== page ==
Can you tell us a bit about Seven for a Secret, never to be told. What can audiences expect?
Seven for a secret, never to be told is a collaboration between composer Stephen McNeff, designer Michael Howells and myself. The music is adapted from Ravel’s opera, L'enfant et les sortilèges (The Child and the Spells), and features gorgeous and refreshing melodies. The piece is in 15 movements - some boldly mimic the original score in a fresh and vibrant way, others expand on its beauty and playfulness. The choreography features many jumps and swift transitions, creating brilliantly childlike dancing. The whole cast launch themselves into the world of a tot with awe and wonder, and the dancers’ movements capture the super agility and lithe suppleness of kids at play within their own fantasy worlds. I believe that how we play in childhood influences who we will be later in life, which makes it such a fascinating and expressive place to explore, instantly recognisable to anyone and everyone.
How did you get started in the world of dance?
For as long as I can remember, I wanted to be a dancer.
What kind of things inspire your choreography?
I’m inspired by anything that moves - swallows diving for insects in the dry grasses of Portugal; a drunk man staggering for the bus; children and adults alike at play. Music makes me move in ways I had never imagined.
Which choreographers/dancers did you admire when you were growing up and why?
Merce Cunningham, because his endless capacity for reinvention was just marvellous, and he worked with amazing artists such as Robert Rauschenberg and Jasper Johns; Richard Alston; Jonathan Burrows; ballets that capture music and mystery like Ashton's Symphonic Variations; the dancing of Christopher Bruce, Lucy Berge and Margot Fonteyn (who I watched on television as a child); street performers; Comedia Dell’Arte. I was born in Fiji, so have always admired the tribal earthiness of Polynesian dancing.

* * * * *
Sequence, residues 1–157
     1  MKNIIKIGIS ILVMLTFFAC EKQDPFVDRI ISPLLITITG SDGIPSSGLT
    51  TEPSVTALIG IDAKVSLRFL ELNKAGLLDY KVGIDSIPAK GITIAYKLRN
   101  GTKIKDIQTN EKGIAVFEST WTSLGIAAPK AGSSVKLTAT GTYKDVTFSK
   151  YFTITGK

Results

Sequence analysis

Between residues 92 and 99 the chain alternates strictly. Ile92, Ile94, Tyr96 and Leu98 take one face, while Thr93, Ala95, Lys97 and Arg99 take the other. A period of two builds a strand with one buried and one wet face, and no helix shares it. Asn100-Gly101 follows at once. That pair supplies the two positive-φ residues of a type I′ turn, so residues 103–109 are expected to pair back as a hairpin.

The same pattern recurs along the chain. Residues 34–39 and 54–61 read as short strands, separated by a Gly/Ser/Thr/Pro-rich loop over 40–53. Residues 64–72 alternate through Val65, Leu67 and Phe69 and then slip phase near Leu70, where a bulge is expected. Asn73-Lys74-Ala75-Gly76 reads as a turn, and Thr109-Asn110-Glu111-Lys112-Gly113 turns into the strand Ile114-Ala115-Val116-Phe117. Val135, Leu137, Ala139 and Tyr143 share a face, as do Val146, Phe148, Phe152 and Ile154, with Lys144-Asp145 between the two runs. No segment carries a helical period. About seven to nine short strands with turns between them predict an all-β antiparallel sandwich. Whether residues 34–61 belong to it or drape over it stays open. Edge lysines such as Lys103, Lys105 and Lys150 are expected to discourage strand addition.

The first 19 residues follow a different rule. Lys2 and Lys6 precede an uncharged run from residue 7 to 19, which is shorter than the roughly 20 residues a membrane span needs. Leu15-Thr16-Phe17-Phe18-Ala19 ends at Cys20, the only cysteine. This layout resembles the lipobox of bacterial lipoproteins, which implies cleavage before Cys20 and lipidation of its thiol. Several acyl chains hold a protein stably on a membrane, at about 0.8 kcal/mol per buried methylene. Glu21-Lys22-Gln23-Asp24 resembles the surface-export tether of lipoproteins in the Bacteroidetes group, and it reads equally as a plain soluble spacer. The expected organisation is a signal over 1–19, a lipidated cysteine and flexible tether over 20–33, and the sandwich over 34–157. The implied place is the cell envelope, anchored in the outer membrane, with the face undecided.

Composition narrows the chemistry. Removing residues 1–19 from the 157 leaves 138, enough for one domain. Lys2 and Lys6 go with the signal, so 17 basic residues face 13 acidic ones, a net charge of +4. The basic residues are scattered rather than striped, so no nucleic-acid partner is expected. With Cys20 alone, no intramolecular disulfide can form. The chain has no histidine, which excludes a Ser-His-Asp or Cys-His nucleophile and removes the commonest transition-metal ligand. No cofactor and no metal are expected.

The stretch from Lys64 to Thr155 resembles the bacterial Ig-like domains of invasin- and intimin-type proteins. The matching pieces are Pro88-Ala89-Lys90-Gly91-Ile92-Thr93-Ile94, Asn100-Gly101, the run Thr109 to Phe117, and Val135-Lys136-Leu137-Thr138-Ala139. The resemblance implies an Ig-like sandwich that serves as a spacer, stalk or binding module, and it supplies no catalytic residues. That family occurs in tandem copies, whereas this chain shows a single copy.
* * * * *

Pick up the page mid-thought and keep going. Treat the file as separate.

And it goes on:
What have you seen on stage recently that has blown you away?
Top of the ‘wow’ dance I have seen recently is Marianela Nunez in Balanchine's Ballo della regina at the Royal Opera House. Forsythe’s duet, Rearray, for Sylvie Guillem and Nicolas Le Riche. Also the Kirov Ballet’s La Bayadere –corps de ballet all 32 dancers diving into the movement together, breathing and extending as one. James Corden in One Man, Two Guv’nors; Katie Mitchell; and I love contemporary artists like Kader Attia and Marina Abramović.
Do you think the audience for dance/ballet is changing thanks to the likes of Rambert and Matthew Bourne? It seems more accessible - is it?
Introducing audiences to powerful expressive works and dancers is our job, and I like to think that the lollipops go hand in hand with more gritty pure dance pieces. In these the human body takes on its own poetic power through movement, and with fine music and design for accompaniment, such dance can take us on an emotional journey that no other art form can. That’s why, for me, dance is so totally engaging and life-affirming. The new rock and roll.
What do you think is Rambert's overall aim in terms of a mission statement - what are you trying to achieve through dance?
Our mission, generally speaking, is to make new work and develop audiences for that work; to engage, teach and perform, and importantly to collaborate with dancers, musicians, composers, designers, artists, and especially choreographers. We want to develop dance for the future by nurturing young choreographers and giving opportunities to dancers through an ever-evolving and distinct repertoire, which is both entertaining and engaging.
What can this show offer Rambert fans and newcomers, alike?
In all Rambert’s shows I endeavour to have something that newcomers can enjoy and appreciate, whilst showing pieces for seasoned dance lovers which engage and intrigue them. Watching Rambert Dance Company is for everyone’s pleasure and enjoyment, and I like there also to be a little something to think about. Live dance with live music at this level is a splendid experience, and our forthcoming programme is especially beautiful - full of memorable tunes, witty divertissements fleshed out with excellent dancing, and choreographic skills the Company has made its name on. For me, Seven for a secret, never to be told is dance that speaks straight to the senses and is a delight.
Mark Baldwin was speaking to Glenn Meads.
Rambert Dance Company’s Seven for a Secret… Tour begins at The Lowry, Salford, on Wednesday 21 September 2011. For more details visit their website.